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Ellis v. State

Court of Appeals of Georgia
Oct 2, 2006
282 Ga. App. 17 (Ga. Ct. App. 2006)


rejecting argument that defendant was deprived of “substantial rights” by State's proffer of witness testimony as to similar transactions at pre-trial hearing

Summary of this case from Brittain v. State


No. A06A1500.


Kidnapping with bodily injury, etc. Hall Superior Court. Before Judge Gosselin.

E. Paul Stanley, for appellant.

Lee Darragh, District Attorney, Alison W. Toller, Assistant District Attorney, for appellee.

Ronald Keith Ellis was convicted of kidnapping, kidnapping with bodily injury, aggravated battery, aggravated assault, and false imprisonment. The kidnapping and false imprisonment counts merged with the conviction for kidnapping with bodily injury, and because this was Ellis's second serious violent felony, the trial court sentenced Ellis to life without parole, per OCGA § 17-10-7 (b) (2). The court also sentenced Ellis to 20 years on the aggravated assault conviction and 20 years on the aggravated battery conviction. He appeals, contending that (1) the evidence on the kidnapping charges was insufficient; (2) the trial court erred in admitting similar transaction evidence; (3) his pretrial guilty plea to aggravated assault and aggravated battery was never withdrawn, and thus he cannot be convicted on those counts; (4) the verdict form and the return of the verdict were improper; and (5) his trial and first appeal counsels were ineffective for numerous reasons. For the reasons that follow, we affirm.

1. We view the evidence on appeal in the light most favorable to the verdict and no longer presume the defendant is innocent. We do not weigh the evidence or decide the witnesses' credibility but only determine if the evidence is sufficient to sustain the convictions. Campbell v. State, 278 Ga. 839, 840 (1) ( 607 SE2d 565) (2005). We construe the evidence and all reasonable inferences from the evidence most strongly in favor of the jury's verdict. Id.

Viewed in that light, the evidence at trial established that in March 2002, the victim came to the Big Creek Tavern in Hall County to meet friends for dinner. She played a game or two of pool with a friend against Ellis and another man, and then sat at the bar with her friends and ate dinner. When she finished, she walked down a short hallway to the restroom, and when she came out she felt something hit her head from behind. She staggered, dizzy, and realized that a man was striking her in the head with a wooden bat. She tried to get away but he put his hands around her throat and dragged her toward an open window in the hallway as she struggled fiercely, screaming, flailing, and fighting as hard as she could. The attacker told her not to scream or he would cut her throat. She fell to the floor, face up, and saw her attacker's face and clothing. At trial the victim identified her attacker as Ellis.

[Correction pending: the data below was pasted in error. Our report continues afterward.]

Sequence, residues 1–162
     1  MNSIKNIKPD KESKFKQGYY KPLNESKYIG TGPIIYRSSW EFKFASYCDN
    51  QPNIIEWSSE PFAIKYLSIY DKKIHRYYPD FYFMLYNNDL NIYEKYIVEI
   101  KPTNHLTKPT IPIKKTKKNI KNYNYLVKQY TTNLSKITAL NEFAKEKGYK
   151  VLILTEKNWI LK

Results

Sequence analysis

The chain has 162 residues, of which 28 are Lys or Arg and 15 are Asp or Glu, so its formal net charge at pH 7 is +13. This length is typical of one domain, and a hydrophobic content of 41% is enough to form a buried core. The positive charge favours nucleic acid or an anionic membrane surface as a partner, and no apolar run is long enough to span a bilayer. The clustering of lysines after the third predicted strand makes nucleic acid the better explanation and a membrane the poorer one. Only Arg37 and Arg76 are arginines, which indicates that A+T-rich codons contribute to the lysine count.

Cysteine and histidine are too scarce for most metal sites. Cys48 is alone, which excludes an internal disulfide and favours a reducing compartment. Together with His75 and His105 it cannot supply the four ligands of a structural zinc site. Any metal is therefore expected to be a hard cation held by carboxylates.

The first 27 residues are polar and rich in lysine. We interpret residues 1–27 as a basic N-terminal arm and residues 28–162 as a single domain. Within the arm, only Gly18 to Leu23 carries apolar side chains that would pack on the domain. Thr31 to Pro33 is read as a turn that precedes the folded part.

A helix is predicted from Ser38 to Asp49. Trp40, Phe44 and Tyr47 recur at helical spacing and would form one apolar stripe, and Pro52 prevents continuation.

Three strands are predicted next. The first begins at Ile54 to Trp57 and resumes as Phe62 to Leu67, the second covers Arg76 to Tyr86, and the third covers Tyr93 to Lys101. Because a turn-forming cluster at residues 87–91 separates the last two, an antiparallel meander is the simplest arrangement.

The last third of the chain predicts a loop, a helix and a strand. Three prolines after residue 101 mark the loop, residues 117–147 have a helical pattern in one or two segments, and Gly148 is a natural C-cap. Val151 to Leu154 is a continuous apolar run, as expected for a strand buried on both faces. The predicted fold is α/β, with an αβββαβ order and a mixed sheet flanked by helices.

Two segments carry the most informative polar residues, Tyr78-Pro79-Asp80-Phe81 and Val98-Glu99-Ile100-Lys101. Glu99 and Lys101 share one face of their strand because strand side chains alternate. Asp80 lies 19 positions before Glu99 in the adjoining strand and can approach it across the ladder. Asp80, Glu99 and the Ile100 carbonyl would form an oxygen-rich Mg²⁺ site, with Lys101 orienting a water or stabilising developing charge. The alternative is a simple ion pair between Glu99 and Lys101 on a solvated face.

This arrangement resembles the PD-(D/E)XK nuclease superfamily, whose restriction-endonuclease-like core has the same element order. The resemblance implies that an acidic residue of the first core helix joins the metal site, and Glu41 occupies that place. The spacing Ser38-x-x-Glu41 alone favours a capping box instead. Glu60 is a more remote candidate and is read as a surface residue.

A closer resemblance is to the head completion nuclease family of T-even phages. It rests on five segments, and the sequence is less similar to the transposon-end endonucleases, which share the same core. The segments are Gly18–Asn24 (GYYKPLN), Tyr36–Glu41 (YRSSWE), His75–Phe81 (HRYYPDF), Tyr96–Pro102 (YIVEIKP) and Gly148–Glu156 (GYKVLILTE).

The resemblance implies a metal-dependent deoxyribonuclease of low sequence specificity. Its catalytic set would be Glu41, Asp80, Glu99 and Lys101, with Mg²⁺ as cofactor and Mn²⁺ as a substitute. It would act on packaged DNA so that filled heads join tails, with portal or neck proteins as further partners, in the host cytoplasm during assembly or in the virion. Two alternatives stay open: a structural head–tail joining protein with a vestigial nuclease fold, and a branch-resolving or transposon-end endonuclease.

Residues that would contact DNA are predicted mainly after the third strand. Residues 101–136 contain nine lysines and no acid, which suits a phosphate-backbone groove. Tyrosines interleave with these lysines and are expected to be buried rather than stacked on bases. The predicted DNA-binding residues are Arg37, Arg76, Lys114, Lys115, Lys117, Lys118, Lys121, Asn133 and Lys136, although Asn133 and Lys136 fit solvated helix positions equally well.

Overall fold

One of the servers came around the corner to the hall and saw the victim lying on the floor with her skirt hiked up around her hips while a man dressed in a black tee shirt, camouflage pants, and black combat boots stood over her, dragging her toward the open window. The server screamed and Ellis let go of the victim, fleeing through the window. The victim had a gash on her forehead, along with other injuries, and was bleeding profusely.

The server turned and yelled to the manager that someone had attacked the victim, jumped out the window, and was heading down the drive toward the back of the restaurant. She described his clothing, which consisted of a black tee shirt, camouflage pants, and black boots. The manager and a friend ran through the kitchen and out the back door, with the kitchen staff following her, and saw Ellis running through the trees and bushes behind the restaurant. When they reached a fence at the edge of a small wooded area, Ellis was there on the opposite side, and he was the only person out there. He was wearing a black tee shirt, camouflage pants, and combat boots. They asked him if he had seen anyone, and he replied, "What happened to [the victim]?" They had not mentioned the victim, and one of them said, "I know you did it."

A customer who had come outside and who knew Ellis approached him. Ellis told him "I can't go down for this," and the customer talked him into coming back inside the building. While they were talking, the customer noticed that Ellis kept rubbing his hands, and once inside, he saw blood between Ellis's fingers. The manager also saw that Ellis had blood between his fingers, which he was trying to wipe off. Ellis's truck, with the passenger door open, was parked near the open window through which he tried to pull the victim.